Pimco’s Bill Gross, the chief investment officer of the world’s biggest bond fund says the Treasury’s proposed $700 billion bailout plan for financial firms, which would raise the national debt ceiling to $11.3 trillion and grant the Treasury unprecedented power to buy and resell mortgage debt, could yield a profit of at least 7% to 8% and benefit taxpayers.
According to Gross’ estimates, the average price of distressed mortgages that pass from “troubled financial institutions” to the Treasury at auction will be 65 cents on the dollar. That will represent a loss of one-third of the original purchase price to the seller, and a prospective yield of 10% to 15% to the Treasury. The double-digit return estimated by Gross in scooped up mortgage securities assumes a lengthy ownership of the assets and is in turn reliant on the level of home foreclosures, but this program, Gross notes, is in fact, directed to prevent just that.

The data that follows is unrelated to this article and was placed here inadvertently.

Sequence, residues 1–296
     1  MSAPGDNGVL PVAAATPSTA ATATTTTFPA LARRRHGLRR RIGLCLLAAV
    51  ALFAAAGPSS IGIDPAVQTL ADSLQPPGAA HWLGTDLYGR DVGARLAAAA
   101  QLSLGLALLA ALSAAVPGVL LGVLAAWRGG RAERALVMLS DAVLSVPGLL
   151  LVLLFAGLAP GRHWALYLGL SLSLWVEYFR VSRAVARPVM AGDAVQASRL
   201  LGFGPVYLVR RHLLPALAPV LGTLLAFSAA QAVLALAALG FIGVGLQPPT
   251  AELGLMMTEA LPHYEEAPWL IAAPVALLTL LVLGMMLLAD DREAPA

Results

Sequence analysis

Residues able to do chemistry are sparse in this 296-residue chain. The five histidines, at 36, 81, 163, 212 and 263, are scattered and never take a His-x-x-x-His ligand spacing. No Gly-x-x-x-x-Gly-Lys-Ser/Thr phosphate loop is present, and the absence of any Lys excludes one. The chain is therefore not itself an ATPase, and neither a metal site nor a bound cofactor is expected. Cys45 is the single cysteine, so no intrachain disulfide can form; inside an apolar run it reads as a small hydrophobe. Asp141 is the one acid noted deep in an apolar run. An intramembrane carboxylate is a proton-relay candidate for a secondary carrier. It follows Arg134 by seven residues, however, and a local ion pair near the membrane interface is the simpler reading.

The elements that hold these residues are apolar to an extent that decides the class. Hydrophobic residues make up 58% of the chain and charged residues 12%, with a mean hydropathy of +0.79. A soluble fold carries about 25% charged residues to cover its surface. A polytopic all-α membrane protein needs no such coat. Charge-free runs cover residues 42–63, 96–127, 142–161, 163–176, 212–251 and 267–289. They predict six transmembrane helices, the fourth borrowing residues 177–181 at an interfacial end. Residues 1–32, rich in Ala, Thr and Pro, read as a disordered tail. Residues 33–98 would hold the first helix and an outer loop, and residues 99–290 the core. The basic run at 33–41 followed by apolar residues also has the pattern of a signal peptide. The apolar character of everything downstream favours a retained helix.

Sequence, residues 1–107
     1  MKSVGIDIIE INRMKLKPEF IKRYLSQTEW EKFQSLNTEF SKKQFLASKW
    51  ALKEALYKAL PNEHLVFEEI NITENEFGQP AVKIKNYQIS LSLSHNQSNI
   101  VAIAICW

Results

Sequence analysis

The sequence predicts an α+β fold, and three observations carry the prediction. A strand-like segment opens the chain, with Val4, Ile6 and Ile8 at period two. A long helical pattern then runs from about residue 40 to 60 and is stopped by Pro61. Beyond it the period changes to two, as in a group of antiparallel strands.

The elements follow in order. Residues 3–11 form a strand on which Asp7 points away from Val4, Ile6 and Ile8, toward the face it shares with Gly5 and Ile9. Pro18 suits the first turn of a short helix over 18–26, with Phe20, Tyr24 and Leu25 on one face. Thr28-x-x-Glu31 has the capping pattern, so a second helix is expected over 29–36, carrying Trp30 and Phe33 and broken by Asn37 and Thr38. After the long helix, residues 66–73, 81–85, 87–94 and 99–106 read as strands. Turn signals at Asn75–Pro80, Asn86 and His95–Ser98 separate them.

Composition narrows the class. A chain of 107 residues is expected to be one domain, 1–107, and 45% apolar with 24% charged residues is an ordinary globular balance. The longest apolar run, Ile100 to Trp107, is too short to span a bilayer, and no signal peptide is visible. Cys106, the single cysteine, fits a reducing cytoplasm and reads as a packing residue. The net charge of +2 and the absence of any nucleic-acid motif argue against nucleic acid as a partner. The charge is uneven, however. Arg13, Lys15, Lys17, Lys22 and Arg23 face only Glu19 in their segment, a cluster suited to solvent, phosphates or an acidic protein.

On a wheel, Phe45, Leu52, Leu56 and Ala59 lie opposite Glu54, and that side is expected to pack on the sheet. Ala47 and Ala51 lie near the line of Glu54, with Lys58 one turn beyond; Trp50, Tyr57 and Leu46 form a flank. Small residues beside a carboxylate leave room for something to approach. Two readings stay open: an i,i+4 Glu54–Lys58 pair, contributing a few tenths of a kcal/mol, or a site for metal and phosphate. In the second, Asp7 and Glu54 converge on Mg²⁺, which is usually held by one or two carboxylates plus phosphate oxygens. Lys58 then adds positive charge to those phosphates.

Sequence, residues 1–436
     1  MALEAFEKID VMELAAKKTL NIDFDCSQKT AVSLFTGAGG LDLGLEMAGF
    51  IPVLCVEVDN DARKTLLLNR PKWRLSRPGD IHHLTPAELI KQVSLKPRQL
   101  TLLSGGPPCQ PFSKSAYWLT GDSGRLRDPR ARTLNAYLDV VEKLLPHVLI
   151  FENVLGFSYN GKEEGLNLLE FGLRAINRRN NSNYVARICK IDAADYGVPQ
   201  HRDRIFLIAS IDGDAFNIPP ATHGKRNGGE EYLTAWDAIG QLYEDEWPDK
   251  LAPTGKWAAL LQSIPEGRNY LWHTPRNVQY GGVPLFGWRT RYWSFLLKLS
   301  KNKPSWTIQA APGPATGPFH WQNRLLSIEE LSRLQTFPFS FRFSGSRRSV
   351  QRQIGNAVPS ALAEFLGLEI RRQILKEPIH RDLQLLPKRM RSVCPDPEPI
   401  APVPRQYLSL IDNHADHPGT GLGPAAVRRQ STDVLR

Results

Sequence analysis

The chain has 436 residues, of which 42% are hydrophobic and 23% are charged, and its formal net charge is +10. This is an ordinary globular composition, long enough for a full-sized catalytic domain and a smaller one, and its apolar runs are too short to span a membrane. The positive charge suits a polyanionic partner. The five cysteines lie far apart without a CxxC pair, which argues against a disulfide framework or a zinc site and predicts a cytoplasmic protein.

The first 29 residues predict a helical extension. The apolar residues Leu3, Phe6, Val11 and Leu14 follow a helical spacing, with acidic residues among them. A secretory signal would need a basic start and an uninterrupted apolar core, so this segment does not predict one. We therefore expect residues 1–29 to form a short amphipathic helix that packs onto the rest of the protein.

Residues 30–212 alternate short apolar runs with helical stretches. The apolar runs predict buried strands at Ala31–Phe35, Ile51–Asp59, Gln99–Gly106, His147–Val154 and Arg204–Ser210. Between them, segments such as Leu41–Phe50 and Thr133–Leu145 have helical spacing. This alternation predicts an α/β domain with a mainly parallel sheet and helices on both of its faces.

Gross argues that “financed at 3 to 4 percent via the sale of Treasury bonds, the Treasury will be in a position to earn a positive carry or yield spread of at least 7 to 8 percent.”
Gross also thinks that the purchase of junk mortgages, securitized credit card receivables and even student loans will be bought at prices significantly below “par” or cost, and prospectively at levels allowing for capital gains, making this package Wall Street-friendly to the extent that it frees up funds for future loans and economic growth.
Gross believes the Treasury proposal will not be a bailout of Wall Street but a rescue of Main Street. The manager of the country’s largest bond mutual fund also expressed his willingness to have his “brilliant staff”, as he put it, assist the Treasury Department’s $700 billion rescue plan by analyzing subrime mortgages free of charge. Mr. Gross explained his offer as a philanthropic one.
Bill Gross manages $133 billion Pimco Total Return Fund and helps oversee more than $800 billion in assets at The Pacific Investment Management Company [Pimco].
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While Mr. Gross’ s offer is philanthropic, given the numbers he outlines perhaps his firm should step up and purchase these assets at such great yields (without government intervention).
Wait — isn’t Pimco the company that made billions shorting sub-prime mortgages? Excuse me, but what’s wrong with this picture?